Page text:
Having worked as a writer and publisher of career news and advice for nearly two decades now, I have probably read tens of thousands of resumes. I have also written and rewritten resumes for hundreds of people.
There are a few common missteps that I see over and over again in people’s resumes. Most of them come from an outdated style of resume writing that still lingers on. Here are some common things that I always cut from the resumes I review for clients, friends, and family.
A generic objective statement
Traditionally many resumes opened with an objective statement introducing the job seeker and pointing out what kind of jobs they were looking for. “Seeking the opportunity to expand my skills at a growing organization…” Since this is the first thing that employers will read about you – don’t make it about you at all. Instead, make it about what you can do for them. Customize your intro for every job you apply for into a summary of how your skills and experience make you a prime candidate for the specific job.
Overly fancy formatting
People often like to make their resumes look distinct with distinct formatting. They decorate their document with unusual fonts, tables and graphs, bold and italics, colours.
If you are handing someone a printed resume, some of that might be okay, just so long as the formatting doesn’t distract from the actual content. However, most resumes are submitted electronically. Fancy formatting doesn’t always render itself properly across platforms and programs.
Also, employers often use Applicant Tracking Systems to scan and process resumes, and too much formatting in your document can make it difficult for this software to read. Valuable keywords and skills that you actually have, could be missed.
Keep it simple. Use bullet points and white space to make your resume visually appealing and easy-to-read. You can use bold sparingly for your section headers, but by all means, cut out the clipart.
Outdated contact information
Too often when I review resumes, I see people including too much contact information. Of course, they want employers to get in touch with them, so they pile on the options. A work phone number, a cell phone, a home phone. A mailing address, an email address, a work email address.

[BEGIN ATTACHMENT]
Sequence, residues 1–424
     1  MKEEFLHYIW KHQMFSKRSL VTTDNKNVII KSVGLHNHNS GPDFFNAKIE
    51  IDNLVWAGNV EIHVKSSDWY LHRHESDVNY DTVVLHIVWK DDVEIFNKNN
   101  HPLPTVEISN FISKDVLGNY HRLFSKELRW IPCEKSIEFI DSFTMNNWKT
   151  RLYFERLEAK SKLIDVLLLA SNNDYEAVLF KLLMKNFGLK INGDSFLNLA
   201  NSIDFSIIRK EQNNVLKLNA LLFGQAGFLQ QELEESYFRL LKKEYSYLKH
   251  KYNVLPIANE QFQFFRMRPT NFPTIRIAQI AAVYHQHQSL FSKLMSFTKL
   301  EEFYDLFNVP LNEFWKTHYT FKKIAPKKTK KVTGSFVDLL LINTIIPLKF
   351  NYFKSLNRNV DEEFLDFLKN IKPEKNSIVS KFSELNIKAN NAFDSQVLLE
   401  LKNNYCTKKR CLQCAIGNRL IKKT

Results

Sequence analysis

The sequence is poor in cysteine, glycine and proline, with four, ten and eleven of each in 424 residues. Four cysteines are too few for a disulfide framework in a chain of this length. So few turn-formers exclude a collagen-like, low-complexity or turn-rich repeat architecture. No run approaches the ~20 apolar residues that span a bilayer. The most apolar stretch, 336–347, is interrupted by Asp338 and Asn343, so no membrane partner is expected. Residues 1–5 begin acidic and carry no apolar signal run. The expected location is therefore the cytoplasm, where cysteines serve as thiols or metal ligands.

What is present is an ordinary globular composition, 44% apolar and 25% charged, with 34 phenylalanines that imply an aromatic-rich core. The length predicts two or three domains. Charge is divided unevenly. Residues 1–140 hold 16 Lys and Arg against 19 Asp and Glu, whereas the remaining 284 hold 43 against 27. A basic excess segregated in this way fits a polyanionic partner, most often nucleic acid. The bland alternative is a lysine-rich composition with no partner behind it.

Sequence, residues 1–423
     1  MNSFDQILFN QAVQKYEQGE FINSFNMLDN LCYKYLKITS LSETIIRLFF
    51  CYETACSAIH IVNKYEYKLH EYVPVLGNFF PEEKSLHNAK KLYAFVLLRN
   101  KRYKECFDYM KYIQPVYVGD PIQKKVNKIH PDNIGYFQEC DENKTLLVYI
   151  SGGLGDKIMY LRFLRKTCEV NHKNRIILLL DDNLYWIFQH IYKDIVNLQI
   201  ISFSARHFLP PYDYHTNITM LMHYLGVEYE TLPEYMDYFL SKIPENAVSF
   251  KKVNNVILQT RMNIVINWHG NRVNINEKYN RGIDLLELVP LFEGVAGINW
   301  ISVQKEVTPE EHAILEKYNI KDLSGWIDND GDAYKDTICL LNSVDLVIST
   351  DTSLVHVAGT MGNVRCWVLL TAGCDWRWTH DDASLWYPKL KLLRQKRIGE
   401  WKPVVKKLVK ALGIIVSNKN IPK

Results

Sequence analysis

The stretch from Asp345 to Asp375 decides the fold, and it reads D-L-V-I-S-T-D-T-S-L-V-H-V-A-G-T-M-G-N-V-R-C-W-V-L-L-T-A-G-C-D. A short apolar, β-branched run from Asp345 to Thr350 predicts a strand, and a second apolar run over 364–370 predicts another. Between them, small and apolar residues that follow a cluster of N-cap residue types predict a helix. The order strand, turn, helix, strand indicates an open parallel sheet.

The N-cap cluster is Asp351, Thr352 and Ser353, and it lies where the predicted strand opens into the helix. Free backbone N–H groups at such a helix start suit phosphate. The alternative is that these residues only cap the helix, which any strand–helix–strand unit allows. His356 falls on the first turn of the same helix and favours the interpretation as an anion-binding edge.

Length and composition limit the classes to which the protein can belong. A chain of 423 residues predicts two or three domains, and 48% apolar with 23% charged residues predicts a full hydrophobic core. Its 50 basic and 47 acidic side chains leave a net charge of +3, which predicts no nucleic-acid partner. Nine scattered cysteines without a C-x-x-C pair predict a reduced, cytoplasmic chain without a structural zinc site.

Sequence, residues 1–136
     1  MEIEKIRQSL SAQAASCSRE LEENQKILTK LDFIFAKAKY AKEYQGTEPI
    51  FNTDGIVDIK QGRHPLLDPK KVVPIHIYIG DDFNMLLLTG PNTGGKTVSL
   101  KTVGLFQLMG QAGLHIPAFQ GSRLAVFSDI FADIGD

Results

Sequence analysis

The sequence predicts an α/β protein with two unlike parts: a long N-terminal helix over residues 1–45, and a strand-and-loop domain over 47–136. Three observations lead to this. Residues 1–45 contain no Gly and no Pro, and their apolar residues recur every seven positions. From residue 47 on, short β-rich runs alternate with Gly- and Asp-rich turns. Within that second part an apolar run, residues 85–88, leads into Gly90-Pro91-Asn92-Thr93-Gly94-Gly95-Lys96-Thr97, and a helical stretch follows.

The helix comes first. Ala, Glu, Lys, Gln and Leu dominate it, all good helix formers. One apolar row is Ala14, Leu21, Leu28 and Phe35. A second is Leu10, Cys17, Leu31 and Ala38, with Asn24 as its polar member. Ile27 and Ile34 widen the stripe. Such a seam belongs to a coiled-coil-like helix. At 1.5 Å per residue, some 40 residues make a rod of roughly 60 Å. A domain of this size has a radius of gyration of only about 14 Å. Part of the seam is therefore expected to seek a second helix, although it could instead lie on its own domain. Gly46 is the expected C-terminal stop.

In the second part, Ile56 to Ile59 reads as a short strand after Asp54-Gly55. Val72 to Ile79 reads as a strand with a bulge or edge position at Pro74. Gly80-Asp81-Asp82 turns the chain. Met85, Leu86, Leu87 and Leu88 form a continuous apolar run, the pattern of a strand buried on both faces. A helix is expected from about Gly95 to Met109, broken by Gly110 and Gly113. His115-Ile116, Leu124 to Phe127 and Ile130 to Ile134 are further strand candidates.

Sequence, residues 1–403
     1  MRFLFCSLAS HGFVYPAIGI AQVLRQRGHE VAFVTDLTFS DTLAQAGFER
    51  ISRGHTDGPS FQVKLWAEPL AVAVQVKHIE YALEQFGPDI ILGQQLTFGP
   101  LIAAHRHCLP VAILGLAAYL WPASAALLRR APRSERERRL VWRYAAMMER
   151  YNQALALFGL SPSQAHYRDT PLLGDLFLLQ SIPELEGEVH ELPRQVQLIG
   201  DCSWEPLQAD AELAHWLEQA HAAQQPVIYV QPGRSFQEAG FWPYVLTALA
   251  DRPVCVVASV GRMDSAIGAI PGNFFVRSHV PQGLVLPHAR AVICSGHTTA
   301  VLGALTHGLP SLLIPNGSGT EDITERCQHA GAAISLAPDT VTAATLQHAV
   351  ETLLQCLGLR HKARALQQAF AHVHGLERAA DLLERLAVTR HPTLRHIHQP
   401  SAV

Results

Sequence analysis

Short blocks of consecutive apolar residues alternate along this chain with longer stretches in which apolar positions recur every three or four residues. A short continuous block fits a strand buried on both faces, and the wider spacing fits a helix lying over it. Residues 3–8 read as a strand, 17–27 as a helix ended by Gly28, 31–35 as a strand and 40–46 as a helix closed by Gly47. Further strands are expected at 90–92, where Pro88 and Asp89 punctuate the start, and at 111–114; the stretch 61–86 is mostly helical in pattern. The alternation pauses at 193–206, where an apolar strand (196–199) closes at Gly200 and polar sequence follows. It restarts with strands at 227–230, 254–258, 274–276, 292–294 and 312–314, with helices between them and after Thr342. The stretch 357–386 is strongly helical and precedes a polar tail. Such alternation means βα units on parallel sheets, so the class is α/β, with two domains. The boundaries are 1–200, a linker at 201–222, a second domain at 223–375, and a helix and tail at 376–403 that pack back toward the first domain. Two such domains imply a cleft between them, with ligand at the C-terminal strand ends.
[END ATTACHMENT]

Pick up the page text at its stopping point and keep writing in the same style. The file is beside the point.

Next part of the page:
Don’t do that. Only include one phone number and one email address. Don’t use a work phone or email – that sends a terrible message to future employers about how you use your current work tools to look for other jobs.
Your home address is optional. Employers are not going to write to you, so they do not need to know your postal code. Some do like to see how close the candidate lives to the workplace. Generally, the closer you are, the more of an asset your address can be on your resume.
Another thing that I often see in people’s resumes is too much information. People tend to list every job they’ve held since they started working along with job duties and responsibilities for each.
Your resume is a marketing document to sell your candidacy for the job you are applying for. It isn’t an autobiography. Highlight your most recent experience and those jobs and accomplishments from your past experience that demonstrates why you’d be a great candidate for the role at hand. Unrelated jobs and work from more than a decade ago are just taking up space and watering down the good stuff.
That’s why, when I review someone’s resume, the first question I ask is, “May I see the job description of the position you are applying for?” Everything is customized to be relevant to that.
I also cut “references available on request” from the bottom of the resume. Employers know that you can hand over your references when they ask for them, so there’s no need to include this line in your resume.
Everybody makes typos. I’ve seen resumes where candidates have made typos in their own email addresses or phone numbers (and they wonder why employers aren’t getting back to them.) Spell check won’t catch those.
I once sent my own resume out highlighting that I was a skilled editor with advanced PhotoShop skills. (Great, but it’s actually spelled Photoshop, something a ‘skilled editor’ should catch before applying for a job.)
We all do it. (Here are the most commonly misspelled words in a resume.) But you can’t do it in your resume; it’s a deal-breaker for many employers. So, proofread your document carefully. Then walk away. Do something else, then read it again after a break with fresh eyes. Then have someone else read it for you.
When you know what you meant to write, your eyes will sometimes show you what you thought you typed, and you literally won’t see an error on the page in front of you.
A typo doesn’t mean you’re untalented, would be bad at the job, or have no command of the language. But it can be an indicator to employers that you miss details, do sloppy work, or don’t care enough about the job to submit an error-free application. Avoid that pitfall.
Read, and reread carefully, and don’t rely on spellcheck to catch your slips.